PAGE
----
You’ll learn that street harassment is not something you can control. And it’s not something that you welcome.

I’m ashamed that I was ever that twelve year old, coming home from the pool hoping and praying that some man would notice me. That some man,old enough to drive would want to honk his horn or yell at me. I’m ashamed that I ever found that flattering.
But I shouldn’t be ashamed. I reacted the way that women are told they should react. When the homeless man who spews conspiracy theories follows you down the street for not saying hello back to him, it’s because he wants you to know that his attention is special and should be appreciated– hell, you should be thanking him, even!
I grew up in Lincoln, one of the safest and happiest cities in the country. I had been honked at and yelled at from across the street, but I had no idea what it was like to be a victim of street harassment until I moved to New York– the New York that is not part of a college campus.

But now, looking back, I wish I would have taken it all more seriously growing up.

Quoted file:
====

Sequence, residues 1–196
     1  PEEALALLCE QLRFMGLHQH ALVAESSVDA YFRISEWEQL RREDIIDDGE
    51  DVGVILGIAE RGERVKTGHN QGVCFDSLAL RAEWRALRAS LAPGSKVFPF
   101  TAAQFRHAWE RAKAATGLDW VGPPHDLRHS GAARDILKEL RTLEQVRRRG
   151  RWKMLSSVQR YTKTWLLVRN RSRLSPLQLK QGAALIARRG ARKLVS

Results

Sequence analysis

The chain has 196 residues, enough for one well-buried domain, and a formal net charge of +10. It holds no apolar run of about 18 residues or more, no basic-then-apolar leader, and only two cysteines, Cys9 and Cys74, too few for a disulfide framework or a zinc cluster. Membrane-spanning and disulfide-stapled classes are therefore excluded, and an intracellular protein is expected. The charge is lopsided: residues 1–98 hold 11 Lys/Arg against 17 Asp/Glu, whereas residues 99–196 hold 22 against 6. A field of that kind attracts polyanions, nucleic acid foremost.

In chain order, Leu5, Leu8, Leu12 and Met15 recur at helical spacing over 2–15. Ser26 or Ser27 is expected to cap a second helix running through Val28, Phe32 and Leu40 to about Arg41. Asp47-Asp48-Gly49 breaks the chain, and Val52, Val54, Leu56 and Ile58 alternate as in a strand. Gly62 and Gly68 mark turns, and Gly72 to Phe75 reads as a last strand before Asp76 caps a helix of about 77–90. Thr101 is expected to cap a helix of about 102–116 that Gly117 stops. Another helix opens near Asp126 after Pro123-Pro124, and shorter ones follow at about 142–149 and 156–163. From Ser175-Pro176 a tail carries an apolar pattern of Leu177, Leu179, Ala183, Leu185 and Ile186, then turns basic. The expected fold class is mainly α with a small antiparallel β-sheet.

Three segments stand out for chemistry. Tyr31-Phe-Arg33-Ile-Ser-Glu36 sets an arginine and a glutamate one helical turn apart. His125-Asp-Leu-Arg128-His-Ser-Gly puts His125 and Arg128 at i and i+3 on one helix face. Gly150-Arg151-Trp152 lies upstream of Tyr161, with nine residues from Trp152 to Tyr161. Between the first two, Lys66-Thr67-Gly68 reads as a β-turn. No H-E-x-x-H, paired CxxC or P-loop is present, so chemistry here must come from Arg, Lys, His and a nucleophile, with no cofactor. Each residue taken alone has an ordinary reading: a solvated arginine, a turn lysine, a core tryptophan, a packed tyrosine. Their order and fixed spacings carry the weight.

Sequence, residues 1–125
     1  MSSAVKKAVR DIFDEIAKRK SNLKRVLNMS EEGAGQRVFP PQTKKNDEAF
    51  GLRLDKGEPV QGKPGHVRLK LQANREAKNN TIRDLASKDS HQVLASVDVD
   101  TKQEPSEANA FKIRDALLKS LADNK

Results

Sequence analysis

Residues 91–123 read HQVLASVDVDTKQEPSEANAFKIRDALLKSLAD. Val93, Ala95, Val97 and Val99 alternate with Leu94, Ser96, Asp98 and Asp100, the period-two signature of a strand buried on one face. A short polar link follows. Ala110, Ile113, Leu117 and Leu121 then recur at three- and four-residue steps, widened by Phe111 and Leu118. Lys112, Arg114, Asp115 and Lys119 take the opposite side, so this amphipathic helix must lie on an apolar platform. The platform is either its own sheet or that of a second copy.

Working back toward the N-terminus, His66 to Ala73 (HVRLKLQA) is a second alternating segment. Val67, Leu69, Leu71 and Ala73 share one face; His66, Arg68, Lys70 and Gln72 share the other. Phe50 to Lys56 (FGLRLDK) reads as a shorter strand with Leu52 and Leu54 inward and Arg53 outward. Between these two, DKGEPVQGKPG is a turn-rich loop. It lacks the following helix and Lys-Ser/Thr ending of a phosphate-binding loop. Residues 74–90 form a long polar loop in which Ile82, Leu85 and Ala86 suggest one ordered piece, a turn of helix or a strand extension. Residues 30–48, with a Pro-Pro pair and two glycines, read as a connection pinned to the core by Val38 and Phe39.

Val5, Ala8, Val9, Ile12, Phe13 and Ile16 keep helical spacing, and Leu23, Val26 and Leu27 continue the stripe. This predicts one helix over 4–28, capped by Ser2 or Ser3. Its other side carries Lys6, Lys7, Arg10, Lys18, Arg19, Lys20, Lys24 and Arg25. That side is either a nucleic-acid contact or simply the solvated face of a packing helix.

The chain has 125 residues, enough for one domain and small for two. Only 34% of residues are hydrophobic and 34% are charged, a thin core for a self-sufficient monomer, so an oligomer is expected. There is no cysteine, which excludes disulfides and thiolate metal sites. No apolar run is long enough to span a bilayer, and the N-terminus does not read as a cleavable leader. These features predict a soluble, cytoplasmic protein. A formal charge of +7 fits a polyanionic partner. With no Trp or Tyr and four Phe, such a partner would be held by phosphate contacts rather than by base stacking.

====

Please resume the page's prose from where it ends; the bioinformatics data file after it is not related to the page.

I wish I could go back and tell my middle school self the male attention I garnered was unwanted. I would tell her to keep wearing her bathing suit top and shorts on the bike ride home if that is what she wanted. But she should do it for her, not for anyone else. The yells she received on her bike rides home are no less traumatizing than what she would encounter eight years later walking home from the subway after seeing a concert late at night.

No matter what age you are, no matter how strong or tough you come off, and no matter how hard you strive to be “colorblind” and walk through sketchy neighborhoods with your head held high, the cat calls and honks and whistles wear you down. The comments are easy to handle at first, but after a week of being told to smile first thing in the morning when you just want to go back to bed, and being told your ass looks “fuckable” while you trudge home at night– you get weary.

I didn’t have to move to Washington Heights to experience real street harassment. I had to move to The Heights to recognize that I, like every other woman, have been harassed my entire life.

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Meet The Author

I'm Madysen, born and raised in Nebraska but now living out my dreams in New York City. I moved here to go to Columbia, but living in New York has become so much more to me. This blog is a space where I can share my experiences of reconciling my midwestern upbringing with the life I live in the city. But even bigger than that, this blog serves as a space where I can try to understand where I fit into the larger social world, where I want to go in life, and how I want to go about pursuing all of these endeavors.